Arduino Controlled IR Helicopter

Hello all,

I’m using a UDOO quad with an on-board Arduino DUE for this project.

I’ve been working on modified version of the link below[1] to control a S107G 2-channel helicopter. The code I’m using is [2]. The initial code works as intended with little delay from serial input to output at LED. The modified code has a significant delay (~1 sec) that would make this unusable in practice.

I’ve attempted to turn up the serial port to its maximum baud rate which reduced the lag slightly, but still would be unusable.

The only thoughts i have that would make this occur is the disabling of interrupts during transmission of the signal but allowing interrupts would destroy the integrity of the transmitted signal. Is there a way to set priority of the incoming serial unsigned-dint to execute immediately after transmission end?

[1]

http://www.avergottini.com/2011/05/arduino-helicopter-infrared-controller.html

[2]

//Arduino code to control a helicotper.
int IRledPin =  8;    

int pulseValue=0;
int pulseLength = 0;
byte yawCmd=0;
byte throttleCmd=0;
byte trimCmd=0;
byte pitchCmd=0;

int incomingByte = 0;


void setup()   {                
  // initialize the IR digital pin as an output:
  pinMode(IRledPin, OUTPUT);      
  pinMode(13, OUTPUT);  
  Serial.begin(115200);
 }
 
void loop()                    
{
  SendCode();
}
 
 
void pulseIR(long microsecs) {
  noInterrupts();  // this turns off any background interrupts
 
  while (microsecs > 0) {
    // 38 kHz is about 13 microseconds high and 13 microseconds low
    digitalWrite(IRledPin, HIGH);  // this takes about 3 microseconds to happen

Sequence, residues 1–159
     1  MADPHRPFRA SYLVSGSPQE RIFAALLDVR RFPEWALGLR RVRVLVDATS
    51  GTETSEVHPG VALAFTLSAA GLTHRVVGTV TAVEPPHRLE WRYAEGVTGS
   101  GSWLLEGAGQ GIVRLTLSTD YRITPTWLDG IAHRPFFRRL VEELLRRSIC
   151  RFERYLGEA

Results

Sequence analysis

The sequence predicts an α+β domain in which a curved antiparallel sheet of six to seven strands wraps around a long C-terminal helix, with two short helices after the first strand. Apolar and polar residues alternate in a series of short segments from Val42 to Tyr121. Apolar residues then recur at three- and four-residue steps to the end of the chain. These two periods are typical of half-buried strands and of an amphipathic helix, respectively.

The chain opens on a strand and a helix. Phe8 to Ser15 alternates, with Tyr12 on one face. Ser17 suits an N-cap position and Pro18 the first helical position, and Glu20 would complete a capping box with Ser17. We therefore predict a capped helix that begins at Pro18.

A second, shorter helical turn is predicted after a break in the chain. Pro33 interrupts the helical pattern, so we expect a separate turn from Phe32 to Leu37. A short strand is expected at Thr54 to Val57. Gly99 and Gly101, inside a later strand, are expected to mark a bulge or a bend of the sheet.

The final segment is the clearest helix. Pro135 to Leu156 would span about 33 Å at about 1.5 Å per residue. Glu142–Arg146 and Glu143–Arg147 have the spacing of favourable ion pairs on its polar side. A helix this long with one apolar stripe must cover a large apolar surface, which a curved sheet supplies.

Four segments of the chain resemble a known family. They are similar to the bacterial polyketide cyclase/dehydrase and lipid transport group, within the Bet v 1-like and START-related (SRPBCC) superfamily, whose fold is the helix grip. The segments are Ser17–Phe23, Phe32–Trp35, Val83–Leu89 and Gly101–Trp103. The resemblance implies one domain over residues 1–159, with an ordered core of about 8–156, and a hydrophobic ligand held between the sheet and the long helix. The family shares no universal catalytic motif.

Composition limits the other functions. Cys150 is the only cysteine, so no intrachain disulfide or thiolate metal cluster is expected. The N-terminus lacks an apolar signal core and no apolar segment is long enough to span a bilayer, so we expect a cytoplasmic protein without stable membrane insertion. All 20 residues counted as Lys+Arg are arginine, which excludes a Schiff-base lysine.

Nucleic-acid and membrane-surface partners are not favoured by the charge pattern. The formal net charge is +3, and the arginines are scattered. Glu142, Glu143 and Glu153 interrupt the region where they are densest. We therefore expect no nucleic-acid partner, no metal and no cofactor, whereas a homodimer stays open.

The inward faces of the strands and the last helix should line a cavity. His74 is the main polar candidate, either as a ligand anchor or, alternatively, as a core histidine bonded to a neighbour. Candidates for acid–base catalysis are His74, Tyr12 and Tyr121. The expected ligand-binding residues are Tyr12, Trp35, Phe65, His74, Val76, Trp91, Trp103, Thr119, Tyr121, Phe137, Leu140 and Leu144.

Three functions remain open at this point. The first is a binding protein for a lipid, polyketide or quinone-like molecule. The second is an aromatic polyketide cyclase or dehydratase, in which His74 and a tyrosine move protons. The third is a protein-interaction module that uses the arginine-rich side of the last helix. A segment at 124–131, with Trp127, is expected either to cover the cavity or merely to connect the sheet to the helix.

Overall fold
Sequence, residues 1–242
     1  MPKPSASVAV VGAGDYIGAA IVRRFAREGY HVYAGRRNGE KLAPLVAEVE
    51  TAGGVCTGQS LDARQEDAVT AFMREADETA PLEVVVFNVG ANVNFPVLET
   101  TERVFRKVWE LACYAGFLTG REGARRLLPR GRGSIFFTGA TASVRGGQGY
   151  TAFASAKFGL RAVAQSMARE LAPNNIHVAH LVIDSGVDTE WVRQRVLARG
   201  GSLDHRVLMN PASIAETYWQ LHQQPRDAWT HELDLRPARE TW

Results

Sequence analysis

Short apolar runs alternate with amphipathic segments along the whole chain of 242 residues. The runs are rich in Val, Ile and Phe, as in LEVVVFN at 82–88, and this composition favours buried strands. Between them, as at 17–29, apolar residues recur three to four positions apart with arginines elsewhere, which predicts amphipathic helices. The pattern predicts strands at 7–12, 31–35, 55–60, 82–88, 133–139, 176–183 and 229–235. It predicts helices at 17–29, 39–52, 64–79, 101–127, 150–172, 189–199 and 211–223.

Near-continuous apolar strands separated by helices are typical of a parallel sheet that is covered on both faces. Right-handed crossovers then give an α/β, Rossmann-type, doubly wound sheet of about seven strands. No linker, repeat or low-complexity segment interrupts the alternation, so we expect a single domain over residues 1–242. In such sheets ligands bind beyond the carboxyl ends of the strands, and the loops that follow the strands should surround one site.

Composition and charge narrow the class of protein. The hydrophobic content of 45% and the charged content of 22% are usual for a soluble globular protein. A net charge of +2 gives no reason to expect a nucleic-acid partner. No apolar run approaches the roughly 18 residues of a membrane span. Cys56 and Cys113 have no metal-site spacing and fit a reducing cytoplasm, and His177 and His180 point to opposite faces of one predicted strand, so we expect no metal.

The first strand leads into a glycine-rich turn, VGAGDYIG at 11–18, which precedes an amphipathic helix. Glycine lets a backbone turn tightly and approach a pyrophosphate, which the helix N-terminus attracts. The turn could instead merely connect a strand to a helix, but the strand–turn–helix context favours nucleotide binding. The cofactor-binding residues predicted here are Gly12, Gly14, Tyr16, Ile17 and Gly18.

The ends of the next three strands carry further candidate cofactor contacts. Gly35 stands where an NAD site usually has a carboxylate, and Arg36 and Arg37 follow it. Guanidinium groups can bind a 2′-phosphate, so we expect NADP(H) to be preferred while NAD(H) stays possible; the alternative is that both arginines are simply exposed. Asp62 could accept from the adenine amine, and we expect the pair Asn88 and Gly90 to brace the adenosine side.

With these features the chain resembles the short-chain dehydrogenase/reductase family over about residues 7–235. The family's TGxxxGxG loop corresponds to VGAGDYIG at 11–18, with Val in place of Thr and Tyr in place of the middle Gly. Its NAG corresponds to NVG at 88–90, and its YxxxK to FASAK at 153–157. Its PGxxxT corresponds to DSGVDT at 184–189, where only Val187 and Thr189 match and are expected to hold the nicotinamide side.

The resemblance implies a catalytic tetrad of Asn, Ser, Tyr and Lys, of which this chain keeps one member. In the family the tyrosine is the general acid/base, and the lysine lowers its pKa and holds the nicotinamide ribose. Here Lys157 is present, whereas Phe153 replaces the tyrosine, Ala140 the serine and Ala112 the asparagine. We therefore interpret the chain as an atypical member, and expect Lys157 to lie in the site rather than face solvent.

delayMicroseconds(10);         // hang out for 10 microseconds
    digitalWrite(IRledPin, LOW);   // this also takes about 3 microseconds
    delayMicroseconds(10);         // hang out for 10 microseconds
 
    // so 26 microseconds altogether
    microsecs -= 26;
 
  }
 
  interrupts();  // this turns interrupts back on
}
 
void Zero()
{  
  pulseIR(300);
  delayMicroseconds(300);
  pulseLength += 600;
}
 
void One()
{
  pulseIR(300);
  delayMicroseconds(600);
  pulseLength += 900;
}
 
void sendPulseValue(int pulseValue)
{

  char bob='0';
  Zero();
  for (int i=1; i<32; i++){
   bob=String(pulseValue,BIN).charAt(i);
   if (bob == '1')
    One();
   else
    Zero();   
  }
  
}
 
void checkPulseChanges(){
  
  if (Serial.available() > 0){

  incomingByte = Serial.parseInt();
  //Serial.println(incomingByte);
  throttleCmd=incomingByte;
  
  pitchCmd=63;
  yawCmd=63;

pulseValue=0;
pulseValue=trimCmd;
pulseValue+=throttleCmd<<8;
pulseValue+=pitchCmd<<16;
pulseValue+=yawCmd<<24;
pulseValue+=1<<31;

}
 
void SendCode() {
 
 while (true)
  {
    checkPulseChanges();
 
    pulseIR(2000);
    delayMicroseconds(2000);
    pulseLength=6000;
 
    sendPulseValue(pulseValue);

    //Footer
    pulseIR(360);
    delayMicroseconds( (118000 - pulseLength) );
   }

    }

Krush: The initial code works as intended with little delay from serial input to output at LED. The modified code has a significant delay (~1 sec) that would make this unusable in practice.

I think your question should be, why does this happen? Since you admit you don't know. Before leaping to solutions.